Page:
“The day I embraced the fact that I would be in the Lower Mainland for at least the next several years – and I realized that I was completely fine with the idea that I might rent that whole time – was a GREAT one.”

Royce McCutcheon [at VREAA 20 Jan 2011 11:44am] has some wise advice for those caught on the wrong side of the bubble – “Make a choice NOW. Don’t hedge. Don’t wait till the end of this year. Ask yourself: how much sleep have I lost over this issue? How many fights have I had with my partner? How much stress have I carried with me because of this? How much WORSE will my obsession with this issue be as I consider the implications of having an expanded family?
The day I embraced the fact that I would be in the Lower Mainland for at least the next several years – and I realized that I was completely fine with the idea that I might rent that whole time – was a GREAT one. It removed some seriously pointless baggage. Life can’t be lived waiting for things to happen – and while I truly believe things here are going to correct soon, I can’t tell for certain if we’ll see it start this Spring or a few years out – or if I’m flat out wrong. Do you want to worry about how this issue is going to affect your life for that long? A terrible thought.
So do the pro/con calculations with your partner TODAY, ruminate, and make a CHOICE. Choose to stay for a longer time line (like several years) or choose to move soon and start building your new life ASAP. You don’t have to carve it in stone, but at least put it on the wall with some fairly permanent ink. The funny thing is that there’s a decent chance you’ll be happier either way.
Make a call together and then stick with it.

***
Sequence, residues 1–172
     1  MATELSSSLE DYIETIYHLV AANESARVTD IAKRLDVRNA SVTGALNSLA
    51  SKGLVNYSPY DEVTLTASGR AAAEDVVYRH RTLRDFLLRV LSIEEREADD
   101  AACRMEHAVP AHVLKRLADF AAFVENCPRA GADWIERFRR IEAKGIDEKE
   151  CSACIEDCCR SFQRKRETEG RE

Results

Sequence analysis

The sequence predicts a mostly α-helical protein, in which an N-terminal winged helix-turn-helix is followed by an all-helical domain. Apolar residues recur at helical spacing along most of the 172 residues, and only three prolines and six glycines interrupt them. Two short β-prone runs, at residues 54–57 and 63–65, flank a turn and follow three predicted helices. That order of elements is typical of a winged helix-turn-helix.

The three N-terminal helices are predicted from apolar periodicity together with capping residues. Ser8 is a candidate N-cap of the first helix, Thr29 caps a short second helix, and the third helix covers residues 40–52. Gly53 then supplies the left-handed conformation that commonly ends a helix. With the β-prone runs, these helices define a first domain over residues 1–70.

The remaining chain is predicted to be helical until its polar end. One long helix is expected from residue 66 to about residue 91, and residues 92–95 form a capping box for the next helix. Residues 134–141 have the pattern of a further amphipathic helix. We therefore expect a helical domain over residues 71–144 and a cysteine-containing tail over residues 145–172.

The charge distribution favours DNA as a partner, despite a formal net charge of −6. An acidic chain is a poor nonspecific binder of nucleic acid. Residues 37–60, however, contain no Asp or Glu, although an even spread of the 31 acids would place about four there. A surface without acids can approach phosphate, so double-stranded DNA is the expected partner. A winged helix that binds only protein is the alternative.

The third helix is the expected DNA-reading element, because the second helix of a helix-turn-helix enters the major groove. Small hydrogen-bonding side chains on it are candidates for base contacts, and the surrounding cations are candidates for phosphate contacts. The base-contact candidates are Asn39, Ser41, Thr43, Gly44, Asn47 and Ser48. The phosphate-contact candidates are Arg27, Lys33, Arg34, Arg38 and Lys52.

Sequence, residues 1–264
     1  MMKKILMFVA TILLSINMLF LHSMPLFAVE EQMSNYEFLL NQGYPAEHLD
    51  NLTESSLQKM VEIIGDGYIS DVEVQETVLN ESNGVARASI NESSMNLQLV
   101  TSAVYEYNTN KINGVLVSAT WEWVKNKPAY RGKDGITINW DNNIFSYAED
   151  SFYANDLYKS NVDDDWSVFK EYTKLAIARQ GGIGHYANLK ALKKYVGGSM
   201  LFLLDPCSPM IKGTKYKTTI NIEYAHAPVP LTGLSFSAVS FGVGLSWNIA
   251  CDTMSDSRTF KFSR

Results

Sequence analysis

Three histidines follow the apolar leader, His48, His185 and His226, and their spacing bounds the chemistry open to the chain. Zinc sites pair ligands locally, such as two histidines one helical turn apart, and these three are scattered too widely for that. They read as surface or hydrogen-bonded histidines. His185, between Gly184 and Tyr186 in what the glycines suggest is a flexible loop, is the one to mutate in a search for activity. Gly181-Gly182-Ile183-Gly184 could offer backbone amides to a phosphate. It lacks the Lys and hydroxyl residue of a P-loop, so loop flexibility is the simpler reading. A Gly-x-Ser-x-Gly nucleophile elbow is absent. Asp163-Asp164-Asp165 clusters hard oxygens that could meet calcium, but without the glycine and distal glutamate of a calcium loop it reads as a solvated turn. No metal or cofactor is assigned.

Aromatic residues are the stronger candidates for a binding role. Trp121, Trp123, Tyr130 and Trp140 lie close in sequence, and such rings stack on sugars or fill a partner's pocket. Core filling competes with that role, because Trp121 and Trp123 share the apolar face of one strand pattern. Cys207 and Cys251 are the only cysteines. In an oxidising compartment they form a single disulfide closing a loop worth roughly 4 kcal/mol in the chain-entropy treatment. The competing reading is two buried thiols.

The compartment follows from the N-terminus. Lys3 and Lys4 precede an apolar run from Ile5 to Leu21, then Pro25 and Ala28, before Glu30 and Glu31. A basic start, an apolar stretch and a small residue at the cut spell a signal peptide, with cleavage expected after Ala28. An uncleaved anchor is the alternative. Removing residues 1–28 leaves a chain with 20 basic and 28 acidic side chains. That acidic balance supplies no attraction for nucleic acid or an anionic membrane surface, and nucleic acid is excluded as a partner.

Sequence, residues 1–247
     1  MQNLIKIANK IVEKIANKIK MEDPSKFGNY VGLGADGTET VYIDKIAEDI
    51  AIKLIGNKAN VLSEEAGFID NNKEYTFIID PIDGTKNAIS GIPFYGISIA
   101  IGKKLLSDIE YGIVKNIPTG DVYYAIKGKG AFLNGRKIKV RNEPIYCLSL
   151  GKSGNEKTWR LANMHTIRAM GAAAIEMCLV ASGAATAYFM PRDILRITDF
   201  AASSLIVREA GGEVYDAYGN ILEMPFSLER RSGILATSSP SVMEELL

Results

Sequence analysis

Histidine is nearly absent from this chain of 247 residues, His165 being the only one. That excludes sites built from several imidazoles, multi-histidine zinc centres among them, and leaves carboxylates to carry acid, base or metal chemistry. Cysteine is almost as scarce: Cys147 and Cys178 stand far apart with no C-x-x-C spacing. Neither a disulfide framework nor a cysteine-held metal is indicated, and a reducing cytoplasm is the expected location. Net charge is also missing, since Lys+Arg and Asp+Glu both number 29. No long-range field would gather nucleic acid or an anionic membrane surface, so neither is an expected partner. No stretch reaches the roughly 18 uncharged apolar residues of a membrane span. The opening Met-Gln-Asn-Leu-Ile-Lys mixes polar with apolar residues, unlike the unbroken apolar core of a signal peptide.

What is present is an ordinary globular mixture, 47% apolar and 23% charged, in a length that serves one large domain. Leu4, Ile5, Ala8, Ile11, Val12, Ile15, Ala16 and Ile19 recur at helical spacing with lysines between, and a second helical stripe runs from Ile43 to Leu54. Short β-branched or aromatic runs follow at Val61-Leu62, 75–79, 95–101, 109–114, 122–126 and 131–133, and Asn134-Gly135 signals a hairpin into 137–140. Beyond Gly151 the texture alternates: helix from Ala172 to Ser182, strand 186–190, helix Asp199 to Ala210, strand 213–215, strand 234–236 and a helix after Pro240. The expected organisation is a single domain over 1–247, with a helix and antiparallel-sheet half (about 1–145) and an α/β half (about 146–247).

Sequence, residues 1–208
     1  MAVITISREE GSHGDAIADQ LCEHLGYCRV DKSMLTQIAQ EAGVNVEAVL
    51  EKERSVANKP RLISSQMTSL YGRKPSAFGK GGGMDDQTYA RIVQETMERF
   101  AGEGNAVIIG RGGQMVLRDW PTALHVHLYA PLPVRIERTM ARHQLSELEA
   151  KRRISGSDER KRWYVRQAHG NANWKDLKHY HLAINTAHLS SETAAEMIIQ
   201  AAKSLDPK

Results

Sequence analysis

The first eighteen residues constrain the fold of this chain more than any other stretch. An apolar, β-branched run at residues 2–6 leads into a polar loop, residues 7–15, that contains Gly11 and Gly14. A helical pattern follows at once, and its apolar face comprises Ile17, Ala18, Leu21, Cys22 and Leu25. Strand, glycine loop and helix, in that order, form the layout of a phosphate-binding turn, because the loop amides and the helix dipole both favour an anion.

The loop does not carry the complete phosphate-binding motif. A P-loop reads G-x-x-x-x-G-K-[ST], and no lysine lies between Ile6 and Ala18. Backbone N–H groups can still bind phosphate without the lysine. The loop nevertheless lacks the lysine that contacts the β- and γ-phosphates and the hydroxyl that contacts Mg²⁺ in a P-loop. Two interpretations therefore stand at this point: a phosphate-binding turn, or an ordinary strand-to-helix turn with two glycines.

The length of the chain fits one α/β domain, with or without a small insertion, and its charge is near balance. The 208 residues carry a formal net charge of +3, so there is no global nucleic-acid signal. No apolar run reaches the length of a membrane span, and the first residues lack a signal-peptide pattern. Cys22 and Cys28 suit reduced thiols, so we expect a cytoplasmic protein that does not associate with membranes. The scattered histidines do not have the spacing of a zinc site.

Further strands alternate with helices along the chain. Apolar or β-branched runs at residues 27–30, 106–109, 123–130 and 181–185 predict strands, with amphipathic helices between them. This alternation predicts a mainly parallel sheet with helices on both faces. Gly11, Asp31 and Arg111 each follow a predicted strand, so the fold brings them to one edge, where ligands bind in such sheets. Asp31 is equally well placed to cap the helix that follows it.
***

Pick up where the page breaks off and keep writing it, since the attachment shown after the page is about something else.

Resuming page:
And as a post-script: nothing says you can’t stay engaged on this issue from an intellectual standpoint. I’ve actually found it to be much more interesting once I stopped considering it so much vis-à-vis my own life.”

9 responses to ““The day I embraced the fact that I would be in the Lower Mainland for at least the next several years – and I realized that I was completely fine with the idea that I might rent that whole time – was a GREAT one.”

  1. Thanks to my incessant evangelizing about the true nature of real estate markets and the true costs of home ownership, my SO has come round to not caring whether we rent forever (despite her annoyance!). We did the math and realised how much higher our standard of living and retirement savings will be. This was a big transformation.

    Moreover, after I read Royce’s original post, she and I decided to commit to a two year period at our current rental, and review our options in 2013. This has greatly simplified decisions vis-a-vis the kids’ schools, my education, etc. and has removed the daily doubts and anxieties inherent in living with uncertainty.

    Thanks for the well-worded and profound advice, Royce! It came at the right time.

    • Now if i could just stop being fixated on the housing market… it moves soooo damn slowly, but I just can’t tear myself away… waiting for 11,000 inventory anytime soon… who knew watching a process SLOWER than paint drying could be so fascinating. VREAA, once this RE thing is done, set up a blog on tectonic plate movements… I’ll gladly lurk there too, waiting for the odd quake every 11,000 years or so…

      • If it helps.

        I read an piece last year on the perception of pain. Namely: Is it better to pull the bandaid off quickly or do it slowly? A lot of people seem to think (when someone else needs to get it off) to do it quickly is the preferred method, basically, get it done. Not so apparently to the boffins who claim that after extensive research, even brainscans, the conclusion is that doing it slowly is much less painful to most people.